Patient Design: The Importance of including Patients in Designing Health Care

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A paradigm shift is underway in the patient-clinician relationship, driven by irreversible changes in information access, yet the model under which clinicians are trained, care is conducted, and care delivery is designed has not changed significantly even though we call it “patient centered.” Humanity endured centuries in which even doctors had little idea what the patient’s problem really was. Science slowly solved that, and for a century, only doctors could know what was worth knowing. Today, the rise of the internet and digital health has led to the end of that era. We are already witnessing early signs of the era of participatory health: genuinely empowered people living their lives and managing their health according to their own priorities, in partnership and consultation with physicians as needed. This may feel like a threat to the physician’s sacred role, but it is no more so than when physicians adopted informed consent and then shared decision-making. In the 2010s, many pharmaceutical, medical, and health care companies started to use patient centricity as a mantra. We argue that to drive this paradigm change fully into existence, we need to shift “patient centricity” from a relatively passive process, driven by industry needs, into a far more active, collaborative process driven by both parties’ needs and preferences. To build this new world of practice and workflow, we simply must engage with patients as true partners. To achieve medicine’s new potential, it must be optimized around the wants and priorities of the ultimate stakeholder—the party that has the most at stake in how it all plays out: the patient. Patient design is the approach that can make it happen.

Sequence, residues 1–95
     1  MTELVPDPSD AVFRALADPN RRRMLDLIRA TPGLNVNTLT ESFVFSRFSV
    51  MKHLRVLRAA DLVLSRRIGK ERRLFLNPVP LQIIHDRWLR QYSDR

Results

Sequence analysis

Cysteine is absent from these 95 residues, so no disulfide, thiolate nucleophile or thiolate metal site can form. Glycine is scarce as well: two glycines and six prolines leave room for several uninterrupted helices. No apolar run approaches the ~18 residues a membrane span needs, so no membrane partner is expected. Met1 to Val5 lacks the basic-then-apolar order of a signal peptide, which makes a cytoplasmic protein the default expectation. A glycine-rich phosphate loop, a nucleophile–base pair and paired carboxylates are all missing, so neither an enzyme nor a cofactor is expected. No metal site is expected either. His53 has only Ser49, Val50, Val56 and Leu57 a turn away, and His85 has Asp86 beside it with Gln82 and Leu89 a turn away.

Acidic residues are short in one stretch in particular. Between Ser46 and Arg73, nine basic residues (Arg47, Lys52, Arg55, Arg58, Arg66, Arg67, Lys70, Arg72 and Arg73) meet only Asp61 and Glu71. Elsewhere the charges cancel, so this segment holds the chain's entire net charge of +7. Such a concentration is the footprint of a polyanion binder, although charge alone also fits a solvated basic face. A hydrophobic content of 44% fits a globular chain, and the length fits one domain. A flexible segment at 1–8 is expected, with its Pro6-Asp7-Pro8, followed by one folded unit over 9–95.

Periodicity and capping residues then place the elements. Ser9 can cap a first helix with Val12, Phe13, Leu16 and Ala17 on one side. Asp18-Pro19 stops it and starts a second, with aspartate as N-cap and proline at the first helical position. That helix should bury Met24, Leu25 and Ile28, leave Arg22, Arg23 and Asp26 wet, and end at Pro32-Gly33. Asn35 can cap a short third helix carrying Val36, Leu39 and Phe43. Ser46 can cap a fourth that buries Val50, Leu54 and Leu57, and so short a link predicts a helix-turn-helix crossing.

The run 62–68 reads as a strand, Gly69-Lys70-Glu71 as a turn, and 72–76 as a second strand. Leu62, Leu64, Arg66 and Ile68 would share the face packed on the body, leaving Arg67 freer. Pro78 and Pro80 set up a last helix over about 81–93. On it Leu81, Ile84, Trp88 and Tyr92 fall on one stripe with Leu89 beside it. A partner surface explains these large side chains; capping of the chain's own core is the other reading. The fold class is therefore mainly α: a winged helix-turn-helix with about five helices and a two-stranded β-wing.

Meskó, B., & de Bronkart, D. (2022, August 1). Patient Design: The Importance of including Patients in Designing Health Care. Journal of Medical Internet Research. JMIR Publications Inc.

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